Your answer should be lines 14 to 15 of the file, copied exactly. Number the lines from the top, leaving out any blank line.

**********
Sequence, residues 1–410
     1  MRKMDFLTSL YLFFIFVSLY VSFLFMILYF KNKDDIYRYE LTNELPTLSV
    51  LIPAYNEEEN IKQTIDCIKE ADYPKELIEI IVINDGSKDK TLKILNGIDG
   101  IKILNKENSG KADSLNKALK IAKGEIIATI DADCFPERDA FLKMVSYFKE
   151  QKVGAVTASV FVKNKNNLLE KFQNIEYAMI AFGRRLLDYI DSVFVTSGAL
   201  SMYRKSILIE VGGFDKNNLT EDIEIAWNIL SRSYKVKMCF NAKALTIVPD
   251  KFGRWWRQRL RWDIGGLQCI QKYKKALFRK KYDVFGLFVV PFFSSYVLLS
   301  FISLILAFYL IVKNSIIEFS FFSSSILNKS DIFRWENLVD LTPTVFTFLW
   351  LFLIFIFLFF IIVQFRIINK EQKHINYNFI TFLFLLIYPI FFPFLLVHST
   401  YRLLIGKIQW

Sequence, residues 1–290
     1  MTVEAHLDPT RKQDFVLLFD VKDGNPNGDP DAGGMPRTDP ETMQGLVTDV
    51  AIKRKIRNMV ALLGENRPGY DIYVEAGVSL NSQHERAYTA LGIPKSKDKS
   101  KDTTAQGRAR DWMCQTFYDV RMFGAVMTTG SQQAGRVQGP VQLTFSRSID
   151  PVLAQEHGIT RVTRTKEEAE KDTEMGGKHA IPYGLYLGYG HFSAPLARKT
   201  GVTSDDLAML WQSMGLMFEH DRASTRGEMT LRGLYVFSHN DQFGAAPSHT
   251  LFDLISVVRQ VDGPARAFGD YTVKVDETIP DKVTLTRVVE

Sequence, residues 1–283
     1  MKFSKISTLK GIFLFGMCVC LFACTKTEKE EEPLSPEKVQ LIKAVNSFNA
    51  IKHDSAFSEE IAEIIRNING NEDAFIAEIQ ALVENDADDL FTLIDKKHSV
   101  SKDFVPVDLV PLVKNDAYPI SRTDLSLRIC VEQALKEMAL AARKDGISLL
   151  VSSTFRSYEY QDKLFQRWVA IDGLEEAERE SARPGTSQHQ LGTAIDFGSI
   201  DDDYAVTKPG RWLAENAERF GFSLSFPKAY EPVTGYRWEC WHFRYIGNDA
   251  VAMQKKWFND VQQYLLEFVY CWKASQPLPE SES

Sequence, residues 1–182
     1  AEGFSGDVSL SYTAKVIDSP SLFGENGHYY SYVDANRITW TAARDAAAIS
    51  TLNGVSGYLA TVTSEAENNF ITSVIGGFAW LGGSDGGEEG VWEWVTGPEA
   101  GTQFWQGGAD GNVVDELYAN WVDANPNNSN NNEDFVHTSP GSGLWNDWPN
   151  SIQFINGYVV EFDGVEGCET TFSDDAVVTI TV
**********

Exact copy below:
   101  KDTTAQGRAR DWMCQTFYDV RMFGAVMTTG SQQAGRVQGP VQLTFSRSID
   151  PVLAQEHGIT RVTRTKEEAE KDTEMGGKHA IPYGLYLGYG HFSAPLARKT